On tab Advanced, leave unchecked all check boxes under Network and Security. Under Notification Area, check “Only display an icon when there is someone connected”.

Restart the computer (preferable) and test connection on the machine you have just configured, by typing the below command on Terminal. A fake remote connection (actually, a local connection) is established and you shall see the standard GNOME welcome screen:


Most likely, port 5900 will work. In general, ports can be 5900 to 5909.

Administrator access

The default installation of both Hardy and Intrepid seem not to fulfil all the needs, therefore extra packages (all in Ubuntu repositories) have to be installed on the remote system. Here, both the GNOME and the Terminal interfaces are used:

Go to System > Administration > Login Window:
Remote tab, choose Style as “Same as Local” and “Default” Welcome Message.

Button “Configure XDMCP” will then show up. Click on it.
Window “XDMCP Login Window Preferences” will show up. Uncheck “Honor indirect requests”. Close all windows.

Open Terminal:

Install the missing packages:


Edit the Gnome Desktop Manager configuration file:


Find the below text and uncomment the “RemoteGreeter” line. Save and close the file.

# The greeter for xdmcp logins, usually you want a less graphically intensive
# greeter here so it's better to leave this with gdmlogin
RemoteGreeter=/usr/lib/gdm/gdmlogin

Set the VNC password. It will be required when authenticating the remote connection:


Add VNC service to xinetd. Probably, an empty file is created:


Paste the following lines onto the file. Save it and close it.

service Xvnc
{
type = UNLISTED
disable = no
socket_type = stream
protocol = tcp
wait = yes
user = root
server = /usr/bin/Xvnc
server_args = -inetd :1 -query localhost -geometry 1024x768 -depth 16 -once -fp /usr/share/fonts/X11/misc -DisconnectClients=0 -NeverShared passwordFile=/root/.vncpasswd -extension XFIXES
port = 5901
}

Restart the computer (preferable, rather than just restarting xinetd, VNC) and test connection on the machine you have just installed VNC, by typing the below command on Terminal. A fake remote connection (actually, a local connection) is established and you shall see the standard GNOME welcome screen:


Note that the code on file Xvnc explicitely defines port 5901.


Establishing remote connection

Note: When this article was written, Hardy and Intrepid had different versions of Vinagre installed (respectively 0.5.1 and 2.24.1). There are slight differences between them. The below description considers Hardy.

On remote computer's GNOME, choose Applications > Internet > Remote Desktop Viewer. The application Vinagre will show up. Click on Connect.

On Host, type the IP address of the machine you want to access remotely. For instance:
192.168.0.100

On Port, accept the default 5900 (or 5901 for Administrator access). If it doesn't work, you can find the correct port (590x) by scanning the open ports of the remote computer (System > Administration > Network Tools, tab Port Scan).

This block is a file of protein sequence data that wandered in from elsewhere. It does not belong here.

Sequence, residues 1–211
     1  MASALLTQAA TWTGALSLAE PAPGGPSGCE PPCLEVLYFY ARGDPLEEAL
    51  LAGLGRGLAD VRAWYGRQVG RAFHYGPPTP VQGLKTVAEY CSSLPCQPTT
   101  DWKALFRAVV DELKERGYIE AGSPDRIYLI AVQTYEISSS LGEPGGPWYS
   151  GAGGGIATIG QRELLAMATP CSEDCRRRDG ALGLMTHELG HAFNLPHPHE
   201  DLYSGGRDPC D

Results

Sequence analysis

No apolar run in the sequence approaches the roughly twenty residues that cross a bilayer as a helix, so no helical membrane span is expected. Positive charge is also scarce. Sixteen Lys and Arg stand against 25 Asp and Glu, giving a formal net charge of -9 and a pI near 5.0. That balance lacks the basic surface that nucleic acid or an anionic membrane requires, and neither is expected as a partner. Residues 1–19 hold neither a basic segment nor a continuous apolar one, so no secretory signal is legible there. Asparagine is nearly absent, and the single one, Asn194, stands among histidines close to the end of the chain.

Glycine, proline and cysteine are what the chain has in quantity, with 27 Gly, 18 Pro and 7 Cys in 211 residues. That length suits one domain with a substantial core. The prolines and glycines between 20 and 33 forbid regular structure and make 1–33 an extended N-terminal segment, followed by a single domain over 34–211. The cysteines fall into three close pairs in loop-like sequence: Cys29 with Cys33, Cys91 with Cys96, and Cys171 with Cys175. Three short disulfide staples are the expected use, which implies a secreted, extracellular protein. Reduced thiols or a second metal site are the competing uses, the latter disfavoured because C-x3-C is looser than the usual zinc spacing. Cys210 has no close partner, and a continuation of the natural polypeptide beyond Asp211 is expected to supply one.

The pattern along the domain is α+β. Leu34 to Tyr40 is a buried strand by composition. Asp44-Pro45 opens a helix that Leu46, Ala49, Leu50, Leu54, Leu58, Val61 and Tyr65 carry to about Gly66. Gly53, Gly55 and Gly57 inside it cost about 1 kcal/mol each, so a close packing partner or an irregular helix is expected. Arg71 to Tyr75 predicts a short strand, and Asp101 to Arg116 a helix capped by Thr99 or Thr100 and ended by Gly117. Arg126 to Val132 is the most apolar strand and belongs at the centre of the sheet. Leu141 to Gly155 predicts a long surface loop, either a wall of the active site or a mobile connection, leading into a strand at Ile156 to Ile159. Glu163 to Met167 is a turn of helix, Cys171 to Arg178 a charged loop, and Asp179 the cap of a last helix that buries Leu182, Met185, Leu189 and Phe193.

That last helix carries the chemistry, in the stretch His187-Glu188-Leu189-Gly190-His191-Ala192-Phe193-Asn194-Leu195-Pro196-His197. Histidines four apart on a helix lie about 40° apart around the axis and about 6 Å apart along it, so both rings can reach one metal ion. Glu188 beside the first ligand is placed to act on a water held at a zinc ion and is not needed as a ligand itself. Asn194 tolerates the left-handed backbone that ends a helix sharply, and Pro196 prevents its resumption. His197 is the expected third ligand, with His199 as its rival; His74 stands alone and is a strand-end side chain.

Click Connect, and connection is established.

References

http://www.movingtofreedom.org/2007/02/16/howto-remote-desktop-with-vnc-in-ubuntu-edgy-gnu-linux/

http://ubuntuforums.org/showthread.php?t=795036

Perfect, got it all working now.

I don't suppose you know of a web based vinagre viewer?? In case I'm not at work I could then visit the site and still access vinagre as a client.

cirobr
February 12th, 2009, 12:11 AM
No, I'm not aware of such tool.

artm
February 12th, 2009, 09:02 AM
Real VNC has java vnc viewer: http://www.realvnc.com/support/javavncviewer.html





The VNC servers also contain a small web server. If you connect to this with a web browser, you can download the Java version of the viewer, and use this to view the server. You can then see your desktop from any Java-capable browser, unless you are using a proxy to connect to the web. The server listens for HTTP connections on port 5800+display number. So to view display 2 on machine ’snoopy’, you would point your web browser at:

http://snoopy:5802/

The applet will prompt you for your password, and should then display the desktop.

MedellinManDem
February 20th, 2009, 12:21 PM
I've just stumbled across this today. I see a connection between my two computers, but it asks the computer I'm trying to connect to for confirmation, which defeats the object surely, if I won't be able to allow that confirmation because I'm however many miles away!!!

What do I do?

MedellinManDem
February 20th, 2009, 12:26 PM
I think I figured it out...

I simply unchecked the "ask for confirmation" option box in remote desktop and replaced it with use password.

Steve H
February 20th, 2009, 08:40 PM
No, I'm not aware of such tool.

You're right, you know. I've wasted quite a while on this only to realise that I didn't really need it.

Thanks for all the help though.

:p

cirobr
October 7th, 2009, 02:38 AM
Hello,

For some reason, the configuration "Administrator" has stopped working: when attempting to connect to the remote computer, one can see the standard gray X window and the big X cursor. After googling around, have found many posts with similar complaints - and no solution.

If anyone knows what happened, is more than welcome to report here.

Thanks,

Ciro.

Aybara
September 28th, 2010, 12:50 PM
Anyone found a solution for the gray window with the X cursor?